Uluru, also known as Ayers Rock, lies in the heart of Australia. The heart of Australia lies in the Northern Territory, or the Outback, or the Red Center. The rock is a large sandstone rock formation sacred to the Aboriginal people, specifically the Pitjantjatjara people. It lies within Uluṟu-Kata Tjuṯa National Park, a protected area. It is a UNESCO World Heritage site for natural and cultural landscape. There is archaeological evidence of the sacredness of this rock dating back some 30,000 years with the Aboriginals.
Besides the massive size and rich history of this rock, what is probably one of the most alluring features is the rock changes in appearance throughout the day and over the course of the year. The sandstone contains reflective minerals that react differently to the varying positions of the sun, thus causing the surface to radiate different colors. It also is fascinatingly different in appearance when the rains appear. Probably the best times of year to visit this dessert environment and view Uluru along with other rock formations would be from April to October.
There are a variety of different activities giving you opportunity to view the rock and it’s changing colors. A 2-night or more stay in the region gives the traveler a chance to view the rock in a variety of ways. From early sunrise viewing points, to walks around the base (climbing of the rock is not allowed), to special sunset dinners. Within these there are many opportunities to experience the culture, amazing food, and/ or celebrate a special occasion. Some other fun ways to see the rock are by helicopter, Segway, biking, motorcycle, and even on camel back.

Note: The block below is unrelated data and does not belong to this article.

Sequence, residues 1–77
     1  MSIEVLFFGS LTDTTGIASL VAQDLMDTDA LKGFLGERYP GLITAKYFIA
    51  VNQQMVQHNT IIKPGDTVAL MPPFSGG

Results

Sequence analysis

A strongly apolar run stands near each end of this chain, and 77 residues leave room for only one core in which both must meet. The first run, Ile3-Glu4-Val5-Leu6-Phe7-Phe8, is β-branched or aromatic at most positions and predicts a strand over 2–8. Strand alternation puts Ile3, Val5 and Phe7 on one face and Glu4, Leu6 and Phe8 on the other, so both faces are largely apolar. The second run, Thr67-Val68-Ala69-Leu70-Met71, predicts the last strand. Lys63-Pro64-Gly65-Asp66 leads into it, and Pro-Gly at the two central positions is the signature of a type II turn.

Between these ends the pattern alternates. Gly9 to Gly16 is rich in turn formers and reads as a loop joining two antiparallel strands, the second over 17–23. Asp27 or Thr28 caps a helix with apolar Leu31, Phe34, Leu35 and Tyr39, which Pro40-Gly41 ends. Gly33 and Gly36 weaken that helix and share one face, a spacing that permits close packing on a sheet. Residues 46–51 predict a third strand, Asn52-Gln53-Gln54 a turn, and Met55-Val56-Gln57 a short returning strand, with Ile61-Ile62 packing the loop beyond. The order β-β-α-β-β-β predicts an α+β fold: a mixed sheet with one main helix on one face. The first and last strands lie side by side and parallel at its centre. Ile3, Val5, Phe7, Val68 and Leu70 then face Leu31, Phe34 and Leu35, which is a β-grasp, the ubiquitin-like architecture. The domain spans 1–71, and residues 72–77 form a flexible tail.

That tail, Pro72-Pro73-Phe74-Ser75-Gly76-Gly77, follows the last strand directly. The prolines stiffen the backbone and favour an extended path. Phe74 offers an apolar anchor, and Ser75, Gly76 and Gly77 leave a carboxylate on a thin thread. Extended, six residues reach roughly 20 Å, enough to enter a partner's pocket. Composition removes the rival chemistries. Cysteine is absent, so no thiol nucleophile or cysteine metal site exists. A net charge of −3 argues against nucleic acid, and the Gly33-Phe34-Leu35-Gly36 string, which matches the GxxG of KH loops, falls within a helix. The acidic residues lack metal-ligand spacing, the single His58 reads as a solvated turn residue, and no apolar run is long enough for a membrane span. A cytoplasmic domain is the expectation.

A very special display with extended viewing until December 2020 that you can go to via a camel ride is The Field of Lights. Created by internationally celebrated artist Bruce Monro, it is by far ihis largest work to date with over 50,000 spindle lights. Just one more reason to book your Outback experience before the lights go out.